I thought we'd explore some clothing terms this week.
Crinoline comes from French crinoline "hair cloth." Corset is from Old French corset, a diminutive of corps, "body."
Skirt is from Old Norse skyrta, which interestingly enough meant shirt or kirtle. Dress used to mean any kind clothing, and the women's garment thing is only from the 1630s.
Cravat is from French cravate "Croatian." Cravats came into fashion in 1650 in imitation of the linen scarves Croatian mercenaries wore in the French army in the Thirty Years War. Tie, on the other hand, is from Proto-Germanic taugo, from PIE root deuk- "to pull, to lead."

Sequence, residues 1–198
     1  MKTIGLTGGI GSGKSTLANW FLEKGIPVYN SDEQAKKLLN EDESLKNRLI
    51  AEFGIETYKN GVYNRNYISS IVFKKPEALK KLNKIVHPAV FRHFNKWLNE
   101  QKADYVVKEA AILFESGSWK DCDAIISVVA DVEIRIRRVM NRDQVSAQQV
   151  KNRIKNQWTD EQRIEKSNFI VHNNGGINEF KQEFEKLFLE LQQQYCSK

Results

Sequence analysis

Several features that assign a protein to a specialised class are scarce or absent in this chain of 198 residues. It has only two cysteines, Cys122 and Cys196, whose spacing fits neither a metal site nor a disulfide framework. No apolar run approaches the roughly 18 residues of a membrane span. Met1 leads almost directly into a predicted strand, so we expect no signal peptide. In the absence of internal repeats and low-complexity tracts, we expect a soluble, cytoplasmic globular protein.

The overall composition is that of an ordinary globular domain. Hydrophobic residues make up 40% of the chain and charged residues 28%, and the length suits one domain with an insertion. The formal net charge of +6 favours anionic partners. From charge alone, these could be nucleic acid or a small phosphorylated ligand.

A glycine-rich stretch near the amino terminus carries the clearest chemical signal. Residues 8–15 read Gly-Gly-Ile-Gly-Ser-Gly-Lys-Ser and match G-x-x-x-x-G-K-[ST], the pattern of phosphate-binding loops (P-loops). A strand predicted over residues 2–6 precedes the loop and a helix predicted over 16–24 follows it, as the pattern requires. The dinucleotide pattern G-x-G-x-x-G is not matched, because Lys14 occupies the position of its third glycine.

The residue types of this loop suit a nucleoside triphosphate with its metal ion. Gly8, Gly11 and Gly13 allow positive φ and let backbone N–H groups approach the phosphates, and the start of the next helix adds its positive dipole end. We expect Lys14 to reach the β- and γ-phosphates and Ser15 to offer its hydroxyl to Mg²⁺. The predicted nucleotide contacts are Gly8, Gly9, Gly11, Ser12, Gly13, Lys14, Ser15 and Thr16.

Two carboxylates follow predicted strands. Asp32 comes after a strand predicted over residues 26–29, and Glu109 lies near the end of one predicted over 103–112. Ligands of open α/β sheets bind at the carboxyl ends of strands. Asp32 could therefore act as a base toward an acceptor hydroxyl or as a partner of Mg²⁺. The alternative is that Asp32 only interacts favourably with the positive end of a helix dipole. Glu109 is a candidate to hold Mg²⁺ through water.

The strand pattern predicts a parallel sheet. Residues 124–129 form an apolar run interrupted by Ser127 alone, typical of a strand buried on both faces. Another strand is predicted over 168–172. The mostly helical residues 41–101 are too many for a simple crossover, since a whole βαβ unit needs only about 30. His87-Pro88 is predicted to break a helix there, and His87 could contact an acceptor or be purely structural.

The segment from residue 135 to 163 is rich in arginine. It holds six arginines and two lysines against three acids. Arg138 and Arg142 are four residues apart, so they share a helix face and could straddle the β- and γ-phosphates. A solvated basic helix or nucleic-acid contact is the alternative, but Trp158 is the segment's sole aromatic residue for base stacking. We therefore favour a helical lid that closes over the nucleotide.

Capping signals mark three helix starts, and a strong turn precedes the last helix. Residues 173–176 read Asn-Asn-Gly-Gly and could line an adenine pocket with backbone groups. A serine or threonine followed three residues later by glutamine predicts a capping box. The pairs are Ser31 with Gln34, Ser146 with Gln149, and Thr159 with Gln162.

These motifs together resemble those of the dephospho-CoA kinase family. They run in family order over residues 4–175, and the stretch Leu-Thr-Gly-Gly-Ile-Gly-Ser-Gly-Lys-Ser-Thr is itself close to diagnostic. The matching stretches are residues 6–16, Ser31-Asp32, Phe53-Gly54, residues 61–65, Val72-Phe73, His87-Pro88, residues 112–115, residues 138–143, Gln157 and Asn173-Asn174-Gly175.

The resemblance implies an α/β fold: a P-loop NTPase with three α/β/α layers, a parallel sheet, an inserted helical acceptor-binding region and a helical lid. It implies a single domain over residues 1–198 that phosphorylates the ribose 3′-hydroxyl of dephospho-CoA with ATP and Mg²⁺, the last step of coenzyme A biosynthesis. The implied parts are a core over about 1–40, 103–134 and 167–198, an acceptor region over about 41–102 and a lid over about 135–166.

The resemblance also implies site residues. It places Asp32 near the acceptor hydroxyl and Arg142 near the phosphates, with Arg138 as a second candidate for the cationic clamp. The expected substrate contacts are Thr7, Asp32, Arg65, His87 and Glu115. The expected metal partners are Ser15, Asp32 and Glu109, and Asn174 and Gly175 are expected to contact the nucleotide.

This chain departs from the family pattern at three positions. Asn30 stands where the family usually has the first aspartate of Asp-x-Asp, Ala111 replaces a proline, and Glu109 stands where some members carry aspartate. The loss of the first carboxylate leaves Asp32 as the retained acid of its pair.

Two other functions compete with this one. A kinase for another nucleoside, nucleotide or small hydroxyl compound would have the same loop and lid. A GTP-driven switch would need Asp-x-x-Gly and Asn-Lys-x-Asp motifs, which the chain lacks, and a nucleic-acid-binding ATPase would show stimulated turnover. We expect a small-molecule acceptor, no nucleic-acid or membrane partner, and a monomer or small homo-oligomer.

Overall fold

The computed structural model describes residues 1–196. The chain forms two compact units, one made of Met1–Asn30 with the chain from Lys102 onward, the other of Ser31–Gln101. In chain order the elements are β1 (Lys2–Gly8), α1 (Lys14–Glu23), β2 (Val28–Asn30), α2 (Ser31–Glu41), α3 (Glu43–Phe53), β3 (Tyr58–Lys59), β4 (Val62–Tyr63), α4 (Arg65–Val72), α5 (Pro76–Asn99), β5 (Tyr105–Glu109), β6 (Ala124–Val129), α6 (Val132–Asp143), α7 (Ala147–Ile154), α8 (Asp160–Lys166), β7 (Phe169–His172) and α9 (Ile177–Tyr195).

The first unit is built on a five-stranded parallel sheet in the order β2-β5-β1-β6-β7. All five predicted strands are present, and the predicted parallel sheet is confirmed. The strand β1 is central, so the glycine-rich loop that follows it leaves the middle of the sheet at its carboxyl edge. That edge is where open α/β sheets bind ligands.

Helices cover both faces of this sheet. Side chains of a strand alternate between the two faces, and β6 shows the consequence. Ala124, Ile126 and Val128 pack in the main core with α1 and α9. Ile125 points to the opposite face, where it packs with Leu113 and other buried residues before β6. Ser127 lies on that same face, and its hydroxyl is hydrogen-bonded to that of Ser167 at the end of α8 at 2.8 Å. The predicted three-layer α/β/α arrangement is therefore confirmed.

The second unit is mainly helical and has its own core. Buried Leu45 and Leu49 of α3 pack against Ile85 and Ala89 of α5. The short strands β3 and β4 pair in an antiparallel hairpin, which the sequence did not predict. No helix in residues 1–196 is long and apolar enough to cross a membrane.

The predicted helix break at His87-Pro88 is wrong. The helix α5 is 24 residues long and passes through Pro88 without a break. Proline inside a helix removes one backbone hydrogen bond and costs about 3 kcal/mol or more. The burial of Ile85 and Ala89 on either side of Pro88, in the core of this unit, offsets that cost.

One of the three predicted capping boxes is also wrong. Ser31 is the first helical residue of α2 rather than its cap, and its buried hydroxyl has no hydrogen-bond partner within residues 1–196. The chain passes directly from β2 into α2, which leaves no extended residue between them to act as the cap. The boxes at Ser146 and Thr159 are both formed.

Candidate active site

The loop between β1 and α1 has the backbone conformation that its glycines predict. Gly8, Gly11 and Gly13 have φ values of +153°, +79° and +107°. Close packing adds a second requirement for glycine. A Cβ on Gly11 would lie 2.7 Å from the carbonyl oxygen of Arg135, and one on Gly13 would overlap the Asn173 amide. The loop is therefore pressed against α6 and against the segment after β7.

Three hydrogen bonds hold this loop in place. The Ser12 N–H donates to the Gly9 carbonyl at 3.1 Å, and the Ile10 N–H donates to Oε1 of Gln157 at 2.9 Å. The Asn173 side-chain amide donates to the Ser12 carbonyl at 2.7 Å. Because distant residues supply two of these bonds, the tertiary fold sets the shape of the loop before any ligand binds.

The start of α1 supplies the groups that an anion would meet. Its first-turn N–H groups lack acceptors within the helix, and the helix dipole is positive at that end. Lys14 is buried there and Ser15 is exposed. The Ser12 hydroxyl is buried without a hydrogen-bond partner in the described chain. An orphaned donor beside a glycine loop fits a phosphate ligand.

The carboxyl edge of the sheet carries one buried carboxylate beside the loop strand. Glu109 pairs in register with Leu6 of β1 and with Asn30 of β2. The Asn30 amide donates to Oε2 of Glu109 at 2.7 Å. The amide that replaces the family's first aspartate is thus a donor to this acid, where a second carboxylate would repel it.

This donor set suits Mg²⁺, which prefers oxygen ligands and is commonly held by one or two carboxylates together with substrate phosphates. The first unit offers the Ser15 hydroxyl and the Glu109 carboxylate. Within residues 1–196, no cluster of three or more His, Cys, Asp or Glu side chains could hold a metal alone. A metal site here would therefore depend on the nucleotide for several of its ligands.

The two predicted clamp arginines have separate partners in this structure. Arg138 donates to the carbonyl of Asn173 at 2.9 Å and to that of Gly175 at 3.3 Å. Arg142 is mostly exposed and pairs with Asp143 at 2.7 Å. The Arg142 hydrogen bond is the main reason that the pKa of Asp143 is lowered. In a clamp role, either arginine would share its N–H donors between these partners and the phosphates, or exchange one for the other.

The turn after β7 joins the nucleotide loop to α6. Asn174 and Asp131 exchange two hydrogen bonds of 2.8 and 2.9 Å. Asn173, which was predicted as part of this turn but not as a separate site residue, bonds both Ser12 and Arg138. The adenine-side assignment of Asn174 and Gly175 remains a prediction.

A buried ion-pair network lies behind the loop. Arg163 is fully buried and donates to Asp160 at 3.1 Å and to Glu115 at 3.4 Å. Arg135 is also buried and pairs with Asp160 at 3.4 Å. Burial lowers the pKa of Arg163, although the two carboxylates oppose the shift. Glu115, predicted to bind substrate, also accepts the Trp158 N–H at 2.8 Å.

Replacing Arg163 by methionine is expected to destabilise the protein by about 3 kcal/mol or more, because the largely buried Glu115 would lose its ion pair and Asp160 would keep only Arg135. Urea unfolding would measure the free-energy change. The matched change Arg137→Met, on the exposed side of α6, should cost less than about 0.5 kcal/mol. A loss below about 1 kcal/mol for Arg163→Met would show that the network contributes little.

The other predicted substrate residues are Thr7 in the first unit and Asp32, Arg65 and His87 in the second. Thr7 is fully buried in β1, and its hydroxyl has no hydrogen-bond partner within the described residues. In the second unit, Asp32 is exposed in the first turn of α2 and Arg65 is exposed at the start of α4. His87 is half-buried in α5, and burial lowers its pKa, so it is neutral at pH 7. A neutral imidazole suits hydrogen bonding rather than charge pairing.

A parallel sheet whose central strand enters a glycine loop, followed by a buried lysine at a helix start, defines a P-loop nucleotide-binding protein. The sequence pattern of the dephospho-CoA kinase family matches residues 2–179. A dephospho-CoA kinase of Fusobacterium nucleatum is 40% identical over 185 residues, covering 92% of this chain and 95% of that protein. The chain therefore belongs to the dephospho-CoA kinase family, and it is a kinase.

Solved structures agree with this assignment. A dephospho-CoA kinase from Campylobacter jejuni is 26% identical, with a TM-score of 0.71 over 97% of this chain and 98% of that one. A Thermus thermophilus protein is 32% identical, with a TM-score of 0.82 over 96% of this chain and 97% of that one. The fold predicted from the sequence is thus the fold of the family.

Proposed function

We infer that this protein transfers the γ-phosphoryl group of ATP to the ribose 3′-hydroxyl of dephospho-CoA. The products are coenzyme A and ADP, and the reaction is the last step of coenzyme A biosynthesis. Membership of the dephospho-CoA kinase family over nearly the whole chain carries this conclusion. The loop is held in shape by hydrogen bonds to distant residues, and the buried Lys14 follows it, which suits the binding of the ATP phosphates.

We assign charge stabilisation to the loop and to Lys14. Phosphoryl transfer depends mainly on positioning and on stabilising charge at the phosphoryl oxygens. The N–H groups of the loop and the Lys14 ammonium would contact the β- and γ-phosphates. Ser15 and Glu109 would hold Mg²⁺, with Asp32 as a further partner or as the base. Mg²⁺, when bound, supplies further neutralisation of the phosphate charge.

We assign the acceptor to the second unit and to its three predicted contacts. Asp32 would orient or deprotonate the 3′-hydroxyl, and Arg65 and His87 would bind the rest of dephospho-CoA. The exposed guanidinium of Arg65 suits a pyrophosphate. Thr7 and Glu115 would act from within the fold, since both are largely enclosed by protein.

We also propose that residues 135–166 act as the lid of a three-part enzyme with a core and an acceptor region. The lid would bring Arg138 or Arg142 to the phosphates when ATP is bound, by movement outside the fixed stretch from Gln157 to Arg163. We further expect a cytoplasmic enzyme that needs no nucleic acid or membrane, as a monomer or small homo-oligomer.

Frock coat, from Old French froc "a monk's habit." Another theory traces it to Latin floccus "flock of wool." Coat is from Old French cote "wooden mantle."
Tuxedo is a fun word, but the origins are boring: it comes from Tuxedo park in New York. Apparently there was a country club in the park, and that's where the tuxedo was first worn.
The "zoot" in zoot suit is apparently just a nonsense reduplication of "suit." Bah. No fun.
Pantaloons comes from Pantaloun, a silly old character in Italian comedy who wore tight trousers over his skinny legs. The name is of Greek origin and means "all-compassionate."Pants is a shortened form of this.
Bonus: Pret a porter, from French prêt à porter from Latin praestus "ready" + porter "to carry."